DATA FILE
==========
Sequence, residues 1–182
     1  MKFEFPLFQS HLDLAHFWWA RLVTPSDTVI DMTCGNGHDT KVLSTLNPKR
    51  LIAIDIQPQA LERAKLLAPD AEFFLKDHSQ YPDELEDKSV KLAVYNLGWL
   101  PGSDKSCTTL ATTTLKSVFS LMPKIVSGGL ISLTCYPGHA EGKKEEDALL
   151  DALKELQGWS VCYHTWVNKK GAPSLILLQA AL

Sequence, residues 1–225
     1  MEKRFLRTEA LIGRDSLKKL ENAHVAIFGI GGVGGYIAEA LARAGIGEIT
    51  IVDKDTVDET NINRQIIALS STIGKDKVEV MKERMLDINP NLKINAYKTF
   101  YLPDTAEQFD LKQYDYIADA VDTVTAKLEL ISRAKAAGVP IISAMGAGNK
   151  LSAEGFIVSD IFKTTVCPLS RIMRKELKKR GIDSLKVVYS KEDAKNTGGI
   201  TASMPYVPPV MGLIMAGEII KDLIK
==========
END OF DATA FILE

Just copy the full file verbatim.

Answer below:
Sequence, residues 1–182
     1  MKFEFPLFQS HLDLAHFWWA RLVTPSDTVI DMTCGNGHDT KVLSTLNPKR
    51  LIAIDIQPQA LERAKLLAPD AEFFLKDHSQ YPDELEDKSV KLAVYNLGWL
   101  PGSDKSCTTL ATTTLKSVFS LMPKIVSGGL ISLTCYPGHA EGKKEEDALL
   151  DALKELQGWS VCYHTWVNKK GAPSLILLQA AL

Sequence, residues 1–225
     1  MEKRFLRTEA LIGRDSLKKL ENAHVAIFGI GGVGGYIAEA LARAGIGEIT
    51  IVDKDTVDET NINRQIIALS STIGKDKVEV MKERMLDINP NLKINAYKTF
   101  YLPDTAEQFD LKQYDYIADA VDTVTAKLEL ISRAKAAGVP IISAMGAGNK
   151  LSAEGFIVSD IFKTTVCPLS RIMRKELKKR GIDSLKVVYS KEDAKNTGGI
   201  TASMPYVPPV MGLIMAGEII KDLIK